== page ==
Redwood Falls resident Jaclyn Ferrier is a recent graduate from Partners in Policymaking, an eight-month, comprehensive training program that teaches disability law and policies and advocacy skills.
The next training class starts in September, and applications are due July 8.
Ferrier is raising a daughter with down syndrome who needs daily medical, speech and self-awareness attention. She was impressed with the resource tools and information presented to the class, and that is one reason why she recommends it to others. Meeting with the Minnesota Department of Education was most valuable to Ferrier. She is getting certified with the National Special Education Advocacy Institute that will allow her to help others as well as her daughter.
Minnesotans with disabilities and parents of young children with developmental disabilities are encouraged to apply for the upcoming comprehensive advocacy training course. The training is free to participants.
“Our goal is that graduates gain a clear understanding of disability law and policies. The training increases their self-confidence in advocating for their needs,” said Dr. Colleen Wieck, executive director of the Minnesota Governor’s Council on Developmental Disabilities. “As they have learned to speak up for people with disabilities, many have become leaders in their own communities.”
The Minnesota-inspired program is also offered in most states as well as in several foreign countries. This highly acclaimed and finely tuned leadership training taps into national experts and utilizes group participation.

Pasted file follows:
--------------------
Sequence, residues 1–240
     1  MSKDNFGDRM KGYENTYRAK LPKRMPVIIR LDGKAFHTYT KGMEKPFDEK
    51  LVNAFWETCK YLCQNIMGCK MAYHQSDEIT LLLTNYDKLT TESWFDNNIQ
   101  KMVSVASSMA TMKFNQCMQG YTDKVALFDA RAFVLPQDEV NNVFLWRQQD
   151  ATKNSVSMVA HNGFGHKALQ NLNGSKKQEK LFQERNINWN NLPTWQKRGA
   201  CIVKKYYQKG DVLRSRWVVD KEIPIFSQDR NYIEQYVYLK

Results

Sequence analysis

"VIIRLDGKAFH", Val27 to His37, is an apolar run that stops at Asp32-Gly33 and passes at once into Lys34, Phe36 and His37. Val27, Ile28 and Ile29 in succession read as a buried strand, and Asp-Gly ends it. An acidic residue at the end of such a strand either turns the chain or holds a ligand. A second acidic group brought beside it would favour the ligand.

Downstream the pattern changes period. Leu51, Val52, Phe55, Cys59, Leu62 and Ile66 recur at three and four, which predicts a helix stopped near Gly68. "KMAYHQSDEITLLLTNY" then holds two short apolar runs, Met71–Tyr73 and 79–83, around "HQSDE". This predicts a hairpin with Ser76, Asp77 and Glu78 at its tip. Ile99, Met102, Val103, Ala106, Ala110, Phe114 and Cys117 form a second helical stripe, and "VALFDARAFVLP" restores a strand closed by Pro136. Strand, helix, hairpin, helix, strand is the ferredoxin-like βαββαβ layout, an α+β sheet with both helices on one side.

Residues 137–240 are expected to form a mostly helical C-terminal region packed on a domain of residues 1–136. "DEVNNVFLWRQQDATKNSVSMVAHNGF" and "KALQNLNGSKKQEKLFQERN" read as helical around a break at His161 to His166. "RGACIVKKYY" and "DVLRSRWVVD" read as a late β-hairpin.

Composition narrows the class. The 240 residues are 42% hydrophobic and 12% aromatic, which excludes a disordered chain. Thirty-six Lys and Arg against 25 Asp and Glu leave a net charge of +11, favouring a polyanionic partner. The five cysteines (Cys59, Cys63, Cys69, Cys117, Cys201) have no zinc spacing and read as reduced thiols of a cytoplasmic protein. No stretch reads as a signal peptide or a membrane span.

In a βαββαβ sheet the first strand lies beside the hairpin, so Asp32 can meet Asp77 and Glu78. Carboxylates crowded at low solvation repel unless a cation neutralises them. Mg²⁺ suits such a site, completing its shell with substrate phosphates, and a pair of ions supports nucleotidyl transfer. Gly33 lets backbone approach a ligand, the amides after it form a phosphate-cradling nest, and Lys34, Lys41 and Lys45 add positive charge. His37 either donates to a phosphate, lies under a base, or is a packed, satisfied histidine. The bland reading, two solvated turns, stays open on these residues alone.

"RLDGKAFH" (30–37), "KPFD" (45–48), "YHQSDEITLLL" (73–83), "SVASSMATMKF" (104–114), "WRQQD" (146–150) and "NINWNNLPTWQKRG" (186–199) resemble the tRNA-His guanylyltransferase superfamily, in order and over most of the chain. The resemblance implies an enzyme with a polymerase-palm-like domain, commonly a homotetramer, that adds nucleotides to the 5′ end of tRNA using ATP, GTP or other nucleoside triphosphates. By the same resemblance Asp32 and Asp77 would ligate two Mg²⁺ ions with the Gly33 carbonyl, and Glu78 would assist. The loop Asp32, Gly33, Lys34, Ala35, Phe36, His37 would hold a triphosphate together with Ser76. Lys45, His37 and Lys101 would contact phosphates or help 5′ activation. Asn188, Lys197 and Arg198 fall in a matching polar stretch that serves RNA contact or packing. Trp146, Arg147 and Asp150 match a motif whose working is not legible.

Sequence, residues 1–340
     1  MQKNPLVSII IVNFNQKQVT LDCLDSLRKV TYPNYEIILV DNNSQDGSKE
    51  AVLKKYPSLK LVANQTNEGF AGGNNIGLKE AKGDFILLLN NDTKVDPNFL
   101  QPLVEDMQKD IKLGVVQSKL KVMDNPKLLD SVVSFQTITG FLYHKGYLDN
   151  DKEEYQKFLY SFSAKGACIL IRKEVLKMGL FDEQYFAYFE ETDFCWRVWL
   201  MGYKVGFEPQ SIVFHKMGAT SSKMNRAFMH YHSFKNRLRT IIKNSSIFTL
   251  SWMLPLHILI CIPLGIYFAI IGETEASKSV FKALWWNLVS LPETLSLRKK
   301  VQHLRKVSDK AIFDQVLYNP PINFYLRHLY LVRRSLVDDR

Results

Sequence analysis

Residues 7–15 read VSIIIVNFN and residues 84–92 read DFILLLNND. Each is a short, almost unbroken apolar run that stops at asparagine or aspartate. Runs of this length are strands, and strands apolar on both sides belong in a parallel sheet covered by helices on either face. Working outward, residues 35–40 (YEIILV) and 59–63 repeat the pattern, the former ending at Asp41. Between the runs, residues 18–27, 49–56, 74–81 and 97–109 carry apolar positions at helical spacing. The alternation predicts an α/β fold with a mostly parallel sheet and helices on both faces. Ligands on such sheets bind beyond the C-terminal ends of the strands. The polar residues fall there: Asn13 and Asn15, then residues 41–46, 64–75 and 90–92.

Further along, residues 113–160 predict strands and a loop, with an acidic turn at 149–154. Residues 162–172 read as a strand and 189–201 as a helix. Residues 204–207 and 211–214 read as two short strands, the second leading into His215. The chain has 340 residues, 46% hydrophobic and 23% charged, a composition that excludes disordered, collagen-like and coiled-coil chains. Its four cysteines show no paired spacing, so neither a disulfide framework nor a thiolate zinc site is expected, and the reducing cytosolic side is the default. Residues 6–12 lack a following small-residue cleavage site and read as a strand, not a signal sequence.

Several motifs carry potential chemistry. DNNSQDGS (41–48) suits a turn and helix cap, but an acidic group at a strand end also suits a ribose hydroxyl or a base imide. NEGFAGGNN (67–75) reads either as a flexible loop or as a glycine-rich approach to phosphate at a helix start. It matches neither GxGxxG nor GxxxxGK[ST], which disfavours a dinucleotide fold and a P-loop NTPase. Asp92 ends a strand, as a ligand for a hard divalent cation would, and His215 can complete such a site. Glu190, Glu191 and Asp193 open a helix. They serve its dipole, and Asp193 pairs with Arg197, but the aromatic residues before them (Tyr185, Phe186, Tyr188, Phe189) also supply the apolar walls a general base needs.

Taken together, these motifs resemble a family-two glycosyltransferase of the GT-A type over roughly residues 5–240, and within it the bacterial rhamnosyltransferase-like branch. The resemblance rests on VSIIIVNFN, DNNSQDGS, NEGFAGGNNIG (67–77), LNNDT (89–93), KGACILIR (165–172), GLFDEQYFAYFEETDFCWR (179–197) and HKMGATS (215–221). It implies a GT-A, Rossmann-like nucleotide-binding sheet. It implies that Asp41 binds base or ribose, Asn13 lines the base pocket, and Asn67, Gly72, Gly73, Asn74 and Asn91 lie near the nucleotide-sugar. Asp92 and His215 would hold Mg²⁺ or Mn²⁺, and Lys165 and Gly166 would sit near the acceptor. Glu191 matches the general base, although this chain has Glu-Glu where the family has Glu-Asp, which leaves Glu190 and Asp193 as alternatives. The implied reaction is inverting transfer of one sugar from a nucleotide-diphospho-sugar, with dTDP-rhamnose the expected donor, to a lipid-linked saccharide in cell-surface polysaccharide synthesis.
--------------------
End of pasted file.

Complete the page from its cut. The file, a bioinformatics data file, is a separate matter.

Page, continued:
Described by many as life-changing, in its 32-year history more than 1,000 Minnesotans have become leaders in their own communities. Participants become effective advocates for themselves, their children and others with disabilities.
Costs for the program are covered by a federal grant. Childcare and respite allowances are given, and overnight accommodations are provided for those who travel from outside of the metro area to attend. Mileage is reimbursed, and meals are provided. Sessions are held at the Crowne Plaza Aire in Bloomington, near Mall of America and the Minneapolis-St. Paul International Airport.
Each class is limited to 40 Minnesotans, and participants are selected by a panel of Partners graduates and representatives of the Minnesota Governor’s Council on Developmental Disabilities. The first session for the 2019-20 program year is Sept. 13-14. Applications are due by July 8.
“This program is based on the belief that systems’ change is best brought about through the efforts of those most affected by them, and we seek to arm these individuals with the tools needed to be successful in the public policy arena,” said Wieck.
Those selected to participate in the program must attend all sessions and complete homework assignments.
For further information, or to get an application form, go to mn.gov/mnddc/partnersinpolicymaking/class37/application.html, or contact Brenton Rice at firstname.lastname@example.org or (651) 242-6589.
The Minnesota Governor’s Council on Developmental Disabilities introduced this program in 1987, and, through expansion, it has trained more than 27,000 people worldwide.